Will Democrats Gut the Filibuster?

The Senate: It actually functioned in the past week! But that was only after election pressure on moderate Republicans died down. Endless Republican obstruction will continue next year, more painfully. Will Democrats dare to change the "sacrosanct" Senate rules?

Senate Republicans broke the filibuster record in this Congress, forcing 60-vote super majorities on every significant piece of legislation, dozens of executive nominations, and really anything that would make the Democratic party or Barack Obama happy in the slightest. This was Mitch McConnell's plan from the beginning. He managed to keep the entire Senate Republican caucus together, united in opposition, on filibuster-breaking votes. Senators like Susan Collins, Scott Brown and Olympia Snowe would occasionally side with Democrats, but only after weeks or months of extracting major concessions on bills that McConnell didn't want his party to be blamed for killing (stimulus package, financial reform). The only reason so many bills — the "Don't Ask Don't Tell" repeal, New START Treaty, food safety act, child nutrition act, defense authorization act, 9/11 responders' health act — passed in the lame duck is that 7 to 10 Republicans who'd voted "no" for pure purely political reasons wanted to get some "yes" votes in on popular bills once the caucus pressure was off.

But the obstruction will return and be even more grueling next year. House Republicans will produce aggressive budget bills with deep, Tea Party-approved cuts. They'll attempt to de-fund implementation of the health care reform law. These will go to the Senate, where the 47 Republicans will link arms and filibuster any Democratic counter-proposal until it's a nice, Republican bill. We're almost guaranteed a government shutdown in the next few months. The Senate only works when its members work in good faith to build consensus on important issues. But as the minority party realized in this Congress, you can also require 60-vote super majorities on every vote for political reasons, watch the other side go insane, and ultimately get what you want.

Senate Democrats don't want to operate under these rules for another two years.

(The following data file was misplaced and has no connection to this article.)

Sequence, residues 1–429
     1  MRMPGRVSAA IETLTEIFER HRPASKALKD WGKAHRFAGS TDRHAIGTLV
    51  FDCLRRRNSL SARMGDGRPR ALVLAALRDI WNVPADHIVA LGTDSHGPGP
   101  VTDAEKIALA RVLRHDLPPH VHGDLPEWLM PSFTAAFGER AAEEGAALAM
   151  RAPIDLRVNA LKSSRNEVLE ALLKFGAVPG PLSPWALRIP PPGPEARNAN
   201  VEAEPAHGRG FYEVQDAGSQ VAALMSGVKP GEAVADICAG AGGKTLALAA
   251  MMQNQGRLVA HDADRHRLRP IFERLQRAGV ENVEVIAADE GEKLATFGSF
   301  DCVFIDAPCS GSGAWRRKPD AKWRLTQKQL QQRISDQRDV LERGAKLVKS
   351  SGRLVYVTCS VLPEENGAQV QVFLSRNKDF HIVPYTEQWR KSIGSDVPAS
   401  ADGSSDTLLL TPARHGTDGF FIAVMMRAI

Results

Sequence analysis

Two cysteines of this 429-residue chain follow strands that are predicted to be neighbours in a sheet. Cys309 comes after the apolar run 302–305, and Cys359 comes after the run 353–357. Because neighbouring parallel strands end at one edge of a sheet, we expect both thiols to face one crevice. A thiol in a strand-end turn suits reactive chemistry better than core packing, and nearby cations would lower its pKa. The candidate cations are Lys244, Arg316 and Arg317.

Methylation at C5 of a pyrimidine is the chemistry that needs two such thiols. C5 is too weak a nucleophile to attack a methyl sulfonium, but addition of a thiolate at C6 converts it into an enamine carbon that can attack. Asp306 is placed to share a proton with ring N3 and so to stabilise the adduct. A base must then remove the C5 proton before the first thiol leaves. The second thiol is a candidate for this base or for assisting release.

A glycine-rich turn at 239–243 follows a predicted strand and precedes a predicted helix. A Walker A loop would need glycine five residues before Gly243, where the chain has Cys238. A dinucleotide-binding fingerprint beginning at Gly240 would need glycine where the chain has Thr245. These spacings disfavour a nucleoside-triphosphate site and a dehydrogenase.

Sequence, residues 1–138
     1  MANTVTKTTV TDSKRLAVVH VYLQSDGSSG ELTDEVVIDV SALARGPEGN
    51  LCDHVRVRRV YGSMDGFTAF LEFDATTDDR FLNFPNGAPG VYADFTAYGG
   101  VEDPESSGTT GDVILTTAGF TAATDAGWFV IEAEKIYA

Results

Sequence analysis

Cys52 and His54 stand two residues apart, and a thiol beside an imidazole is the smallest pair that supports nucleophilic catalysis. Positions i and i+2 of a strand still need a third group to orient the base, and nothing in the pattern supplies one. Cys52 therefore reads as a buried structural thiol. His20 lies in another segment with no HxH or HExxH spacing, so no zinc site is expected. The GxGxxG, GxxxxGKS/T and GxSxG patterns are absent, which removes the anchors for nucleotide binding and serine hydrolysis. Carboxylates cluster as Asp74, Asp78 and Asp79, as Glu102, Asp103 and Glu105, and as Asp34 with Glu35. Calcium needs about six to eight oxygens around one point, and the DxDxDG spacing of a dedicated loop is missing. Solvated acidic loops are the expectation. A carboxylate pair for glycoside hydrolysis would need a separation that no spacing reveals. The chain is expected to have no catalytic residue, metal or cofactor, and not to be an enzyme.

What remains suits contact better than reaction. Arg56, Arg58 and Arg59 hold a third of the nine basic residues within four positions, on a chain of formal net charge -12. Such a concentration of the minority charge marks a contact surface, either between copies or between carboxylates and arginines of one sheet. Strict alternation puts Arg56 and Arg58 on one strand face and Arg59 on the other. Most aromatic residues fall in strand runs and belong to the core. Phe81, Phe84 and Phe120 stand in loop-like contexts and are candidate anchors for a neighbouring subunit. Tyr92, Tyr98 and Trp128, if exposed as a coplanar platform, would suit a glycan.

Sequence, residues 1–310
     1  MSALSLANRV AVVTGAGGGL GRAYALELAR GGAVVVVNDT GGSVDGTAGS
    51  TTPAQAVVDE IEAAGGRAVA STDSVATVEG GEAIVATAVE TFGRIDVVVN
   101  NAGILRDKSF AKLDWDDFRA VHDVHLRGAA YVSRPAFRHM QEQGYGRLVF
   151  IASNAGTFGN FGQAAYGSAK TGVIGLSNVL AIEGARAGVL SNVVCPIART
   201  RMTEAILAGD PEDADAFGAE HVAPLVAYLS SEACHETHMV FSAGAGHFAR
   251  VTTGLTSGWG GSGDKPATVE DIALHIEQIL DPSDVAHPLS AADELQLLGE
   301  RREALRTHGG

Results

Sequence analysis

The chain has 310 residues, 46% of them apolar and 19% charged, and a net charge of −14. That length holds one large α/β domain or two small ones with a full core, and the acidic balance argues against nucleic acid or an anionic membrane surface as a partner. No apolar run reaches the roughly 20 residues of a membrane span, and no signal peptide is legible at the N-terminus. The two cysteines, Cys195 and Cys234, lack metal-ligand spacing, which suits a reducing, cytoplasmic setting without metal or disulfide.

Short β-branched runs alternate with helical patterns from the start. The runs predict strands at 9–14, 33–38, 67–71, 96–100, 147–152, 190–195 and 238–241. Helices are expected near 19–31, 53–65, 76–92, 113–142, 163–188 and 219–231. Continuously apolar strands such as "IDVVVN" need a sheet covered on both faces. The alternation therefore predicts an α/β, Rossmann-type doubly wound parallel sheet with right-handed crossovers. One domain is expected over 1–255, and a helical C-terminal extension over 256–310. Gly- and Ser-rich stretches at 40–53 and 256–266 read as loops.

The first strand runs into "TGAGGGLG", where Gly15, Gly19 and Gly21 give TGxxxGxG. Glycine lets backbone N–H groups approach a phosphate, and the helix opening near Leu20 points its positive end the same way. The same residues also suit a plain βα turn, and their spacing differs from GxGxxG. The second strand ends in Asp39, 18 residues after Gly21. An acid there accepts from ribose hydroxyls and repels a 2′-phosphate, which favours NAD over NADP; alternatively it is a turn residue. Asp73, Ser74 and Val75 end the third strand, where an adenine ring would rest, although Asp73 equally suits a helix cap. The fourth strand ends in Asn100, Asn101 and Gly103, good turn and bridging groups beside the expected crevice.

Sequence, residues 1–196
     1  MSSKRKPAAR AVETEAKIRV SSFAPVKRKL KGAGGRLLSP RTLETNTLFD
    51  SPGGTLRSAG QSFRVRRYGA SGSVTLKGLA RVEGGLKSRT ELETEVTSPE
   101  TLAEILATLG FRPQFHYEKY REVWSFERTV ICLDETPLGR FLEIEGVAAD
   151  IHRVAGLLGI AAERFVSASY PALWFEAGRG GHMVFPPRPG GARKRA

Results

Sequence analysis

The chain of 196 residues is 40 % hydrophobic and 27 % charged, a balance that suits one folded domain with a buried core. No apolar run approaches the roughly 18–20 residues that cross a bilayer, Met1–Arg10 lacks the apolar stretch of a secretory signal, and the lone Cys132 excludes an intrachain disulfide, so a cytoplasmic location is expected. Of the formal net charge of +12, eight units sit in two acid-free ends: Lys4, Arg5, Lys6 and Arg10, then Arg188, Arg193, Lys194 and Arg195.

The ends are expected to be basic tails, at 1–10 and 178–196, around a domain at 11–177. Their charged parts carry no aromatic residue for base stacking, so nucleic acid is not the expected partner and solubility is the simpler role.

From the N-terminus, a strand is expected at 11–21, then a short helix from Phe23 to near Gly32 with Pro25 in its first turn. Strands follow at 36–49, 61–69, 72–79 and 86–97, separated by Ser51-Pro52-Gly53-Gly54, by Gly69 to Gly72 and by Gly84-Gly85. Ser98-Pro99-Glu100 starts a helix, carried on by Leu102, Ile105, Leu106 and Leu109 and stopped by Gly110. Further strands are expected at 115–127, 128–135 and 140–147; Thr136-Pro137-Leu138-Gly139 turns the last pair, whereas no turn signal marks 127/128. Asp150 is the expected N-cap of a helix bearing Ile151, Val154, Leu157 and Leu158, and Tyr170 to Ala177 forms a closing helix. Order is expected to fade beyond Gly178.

All Democratic senators returning next year have signed a letter to Senate Majority Leader Harry Reid, D-Nev., urging him to consider action to change long-sacrosanct filibuster rules.

The letter, delivered this week, expresses general frustration with what Democrats consider unprecedented obstruction and asks Reid to take steps to end those abuses. While it does not urge a specific solution, Democrats said it demonstrates increased backing in the majority for a proposal, championed by Sen. Tom Udall, D-N.M., and others, to weaken the minority's ability to tie the Senate calendar into parliamentary knots.

Democrats don't want eliminate the filibuster completely, requiring a simple majority for every vote. Democrats could be the minority party in two years, after all! They'll want to preserve some some mechanism for stopping President Palin's War on Mexico and Hippies. So the proposals they're considering are more like tweaks:

Among the chief revisions that Democrats say will likely be offered: Senators could not initiate a filibuster of a bill before it reaches the floor unless they first muster 40 votes for it, and they would have to remain on the floor to sustain it. That is a change from current rules, which require the majority leader to file a cloture motion to overcome an anonymous objection to a motion to proceed, and then wait 30 hours for a vote on it.

So you could still filibuster every bill if you wanted to, but it would require more than one senator raising his or her arm in the air, or simply submitting an anonymous request, to initiate. You'd have to mobilize your entire filibustering block of 40+ Senators, and they'd have to stay on the floor for many hours. How many of these spoiled, elderly queens are willing to do that, day in and day out? Yeesh! It would need to be kind of important.

Rule changes require two-thirds majorities, unless the majority does it at the very beginning of the new Congress:

Adding to the momentum for change, say proponents, is a push by Udall to seek a simple majority vote on changing Senate rules at the start of the session, rather than a two-thirds majority, that is gaining steam. Such a move could come at the start of next Congress, shortly after the Senate returns on January 5th.

There is going to be so much whining if Democrats try this, which probably means they should do it.

[Image via AP]